How to Build a Crowdfunding Platform for Fundraising
We all heard about Kickstarter, Patreon, Indiegogo and other platforms that help to raise money for the implementation of various ideas and projects. But few people know that these sites work for a reason: they keep 5% of the funds raised as a reward for intermediary services. These are huge profits, and today we will talk about how to grab a piece of this pie for yourself by building your own crowdfunding platform to raise funds.
The first thing you need to start a crowdfunding platform is to determine its positioning. Will it be a site to raise money for charity projects, film making, real estate development, video game development or something else? You will finance only large projects, support beginners or everyone (for example, to collect money for potato salad).
For example, if you create a site to raise funds for the construction of real estate or launch large business projects, then you can not do without KYC. If this is a platform to support content creators, you need pop-up windows for subscriptions and donate messages (with their voice acting). If this is a platform to support blockchain startups, smart contracts are needed to raise funds and pay tokens.
Focusing on successful competitors, you can understand what tools should be integrated into the platform of one or another orientation. Here are some popular niche crowdfunding sites.
What other things need to be included in the financing terms:
Listing fee. When investors are offered equity participation in a project (shares, share of profits), the platform, as a rule, takes a fee in the form of a one-time payment for listing the project. This is due to the fact that, according to SEC regulations, such sites are not entitled to charge investment fees. Fees vary by site.
Service fee. Such a model is typically used by P2P credit platforms, such as LendingClub, Prosper and Landpay. They charge a fee for payments from borrowers, take a share of the loan taken, charge a fee to view a borrower's profile, or charge a percentage of the lenders' annual margin. So, LendingClub charges 1% of each payment of the borrower, and on Landpay you need to pay 2 -2.5% for viewing the profile and issuing a new loan and 0.5-1% for the annual margin.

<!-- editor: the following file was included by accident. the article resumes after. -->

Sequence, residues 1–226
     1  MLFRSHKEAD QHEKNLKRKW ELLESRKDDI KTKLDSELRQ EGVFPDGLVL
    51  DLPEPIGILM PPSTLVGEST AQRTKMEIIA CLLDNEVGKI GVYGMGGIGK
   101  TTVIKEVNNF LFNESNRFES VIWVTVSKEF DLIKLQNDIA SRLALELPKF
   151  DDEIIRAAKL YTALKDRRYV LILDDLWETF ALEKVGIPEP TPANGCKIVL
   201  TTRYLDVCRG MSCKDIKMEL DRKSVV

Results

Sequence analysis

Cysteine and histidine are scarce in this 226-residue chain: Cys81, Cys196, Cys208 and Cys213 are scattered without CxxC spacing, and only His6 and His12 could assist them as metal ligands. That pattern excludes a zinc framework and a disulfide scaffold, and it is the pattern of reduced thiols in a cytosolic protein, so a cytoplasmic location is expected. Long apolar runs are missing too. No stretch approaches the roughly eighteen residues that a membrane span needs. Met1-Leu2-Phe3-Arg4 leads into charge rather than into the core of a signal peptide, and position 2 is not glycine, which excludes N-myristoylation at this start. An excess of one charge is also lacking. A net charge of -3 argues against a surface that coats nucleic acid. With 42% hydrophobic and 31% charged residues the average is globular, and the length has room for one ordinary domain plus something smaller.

Subscription fee. This is rare, but some crowdfunding platforms charge for “membership” or “subscription”. Usually, fees in this case are fixed and tied to access to services. For example, you pay $ 100 a month and you can run 3 projects, $ 150 - 10 projects, $ 300 - an unlimited number of projects. This model is popular on sites for musicians, photographers and other people who can look for money for small short-term projects. Example of a site with a subscription - Fundable, for access to which you need to pay $ 179 per month.
Payment for advertising and additional services. The fee for the fact that the crowdfunding project is placed on the main page of the platform is at the top of the listing or recommended to regular investors. In addition, you can take money for consulting services, due diligence materials and the placement of regular contextual advertising. This model of monetization is usually used as an addition to one of the above. And involves a paid promotion projects.
When developing a design, a clear task must be set in front of the development team - it should be recognizable and target-oriented. When you go to the platform page, the user should immediately understand what the site is focused on and how to perform certain actions: register, run a project, view the listing, invest money.
Another thing to think about is developing a personal account and a mini-CRM. The Sponsor’s statistics will be collected in the Personal Account: how much money he invested in which projects, whether they achieved success, what the reward will be and the like. Mini-CRM will help project authors to view profiles of sponsors, filter them by region, type and amount of reward, set statuses and communicate with them.
Easy and quick registration. The process should be as clear, simple and fast as possible. Ideally, registration should be via social networks or Google accounts with the ability to edit your personal profile.
When you finally decide that you are ready to develop your own crowdfunding platform, before you do something, ask for legal advice. Quite often, such activity requires registration or a license from a government agency, for example, the SEC in the USA or the FCA in the UK. This is especially important if you provide a platform for financing the construction of real estate, loans or participation in high-risk investment projects.
A lawyer is also needed in order to correctly draw up a User Agreement and typical contract forms that will govern the relationship of the parties on your platform.
Best of all, if you take a good lawyer in the staff or hire a law firm on a permanent basis.
#1. Step 1: Niche / Target Audience
#2. Step 2: Crowdfunding Models
#3. Step 3: Monetization Approaches
#4. Step 4: Platform Design
#5. Step 5: Platform Functions
#6. Step 6: Marketing Policy
#7. Step 7: Development and Technology
#8. Final word